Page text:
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  • Writer's pictureEric Elkins

Ode: The Vegetable Masala Pakoras at Little India


I mean, anything you order from the OG of Indian in Denver is going to be delicious. In fact, at a recent dinner there, I almost hurt myself when I overindulged — I wanted to order everything on the menu and came home with three more meals’ worth of leftovers. I’d forgotten just how flavorful and balanced each dish from Little India can be.


Or maybe they’ve just gotten better over the years.


But when our server brought the veggie masala pakoras to the table “because you just have to try them,” I had no idea that an appetizer, for fuck’s sake, was going to rock me sideways into another plane of existence. A side dish?


I can wax rhapsodic about the wonders of something fried. Who can’t? Cover an item in flour or breadcrumbs or batter and dip it in hot oil until it’s all crispy and aromatic, and you can’t help but anticipate that first mouthful of flavor.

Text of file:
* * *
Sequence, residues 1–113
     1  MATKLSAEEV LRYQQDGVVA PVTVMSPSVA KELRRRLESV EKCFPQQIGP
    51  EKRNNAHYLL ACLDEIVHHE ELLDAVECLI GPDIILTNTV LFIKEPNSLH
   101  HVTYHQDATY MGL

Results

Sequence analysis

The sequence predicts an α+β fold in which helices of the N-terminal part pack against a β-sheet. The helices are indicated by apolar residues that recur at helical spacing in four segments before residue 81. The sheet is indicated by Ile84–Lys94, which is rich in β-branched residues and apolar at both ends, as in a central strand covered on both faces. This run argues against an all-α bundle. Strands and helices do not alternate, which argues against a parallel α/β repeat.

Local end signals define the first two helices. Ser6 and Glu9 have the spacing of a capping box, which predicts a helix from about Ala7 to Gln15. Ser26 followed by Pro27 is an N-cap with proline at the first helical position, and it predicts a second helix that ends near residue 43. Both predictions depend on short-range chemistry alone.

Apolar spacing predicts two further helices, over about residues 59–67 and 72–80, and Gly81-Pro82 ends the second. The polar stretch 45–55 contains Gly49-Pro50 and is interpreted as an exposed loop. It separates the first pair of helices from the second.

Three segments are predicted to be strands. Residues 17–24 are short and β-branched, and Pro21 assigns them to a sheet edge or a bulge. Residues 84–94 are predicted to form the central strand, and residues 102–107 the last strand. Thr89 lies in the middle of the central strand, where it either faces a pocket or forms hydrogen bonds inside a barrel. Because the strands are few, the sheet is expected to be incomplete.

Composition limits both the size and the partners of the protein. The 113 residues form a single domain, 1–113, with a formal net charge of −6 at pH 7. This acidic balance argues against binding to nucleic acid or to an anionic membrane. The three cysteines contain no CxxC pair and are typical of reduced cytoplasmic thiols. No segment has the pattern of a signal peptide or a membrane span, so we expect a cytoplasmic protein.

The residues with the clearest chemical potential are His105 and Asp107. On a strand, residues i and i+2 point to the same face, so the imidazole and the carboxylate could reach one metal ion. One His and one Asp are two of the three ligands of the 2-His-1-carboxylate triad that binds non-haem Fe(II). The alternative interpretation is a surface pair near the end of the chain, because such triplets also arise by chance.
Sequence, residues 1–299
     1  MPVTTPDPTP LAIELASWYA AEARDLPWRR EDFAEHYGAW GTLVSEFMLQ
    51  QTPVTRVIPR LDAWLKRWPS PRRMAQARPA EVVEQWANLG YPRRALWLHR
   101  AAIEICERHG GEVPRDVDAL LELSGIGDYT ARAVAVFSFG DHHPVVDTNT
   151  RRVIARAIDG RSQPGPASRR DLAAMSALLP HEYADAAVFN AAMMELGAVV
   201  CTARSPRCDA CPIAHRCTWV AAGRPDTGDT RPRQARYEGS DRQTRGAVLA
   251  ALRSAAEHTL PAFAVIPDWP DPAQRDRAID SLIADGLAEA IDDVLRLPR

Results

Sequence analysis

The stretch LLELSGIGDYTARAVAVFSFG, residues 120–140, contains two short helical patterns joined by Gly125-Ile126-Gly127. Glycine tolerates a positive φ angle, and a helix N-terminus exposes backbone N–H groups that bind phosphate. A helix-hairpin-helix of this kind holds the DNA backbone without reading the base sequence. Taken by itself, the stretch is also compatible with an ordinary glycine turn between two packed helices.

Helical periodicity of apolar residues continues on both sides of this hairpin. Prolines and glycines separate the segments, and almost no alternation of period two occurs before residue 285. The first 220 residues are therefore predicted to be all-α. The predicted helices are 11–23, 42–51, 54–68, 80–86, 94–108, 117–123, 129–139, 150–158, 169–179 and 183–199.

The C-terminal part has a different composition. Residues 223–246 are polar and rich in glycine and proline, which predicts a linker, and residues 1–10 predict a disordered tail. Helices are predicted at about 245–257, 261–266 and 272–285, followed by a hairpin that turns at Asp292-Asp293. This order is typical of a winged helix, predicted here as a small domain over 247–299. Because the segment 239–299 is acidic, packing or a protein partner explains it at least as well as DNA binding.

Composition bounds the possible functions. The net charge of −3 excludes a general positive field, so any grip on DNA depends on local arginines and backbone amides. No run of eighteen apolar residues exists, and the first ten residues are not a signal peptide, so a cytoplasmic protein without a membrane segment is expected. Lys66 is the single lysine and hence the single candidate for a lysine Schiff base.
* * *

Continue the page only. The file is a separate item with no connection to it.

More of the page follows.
But these pakoras. These delicate dumplings. These tiny haystacks of crunch. I don’t know the last time I had something that was fried so perfectly. The chickpea batter is gossamer-light but holds within it a mix of spinach, potatoes, cauliflower, and onion. You’d think the pakoras would be gut bombs, but they somehow manage to be effervescent and hearty at the same time. The delicate crunchiness gives way to their pleasant starchy smooth innards, but you never feel like you’re biting into density. Maybe it’s the way they’re loosely constructed, like a tumbleweed as comfort food. They’re Indian latkes. Hot and savory snowballs.


And the masala sauce is such a perfect complement, with its full flavor — a little sweet, gently spicy, notes of turmeric and cumin dancing along a coconut melody. After each bite, we’d smear our pakoras in it for another go. In fact, the server nodded sagely when we asked him to leave the empty plate behind, and we gently scraped our papadums or smashed our parathas into the remaining sauce. I scooped the very last of it onto the rice in my to-go container.


The whole dish is a little miracle. An unexpected wonder.


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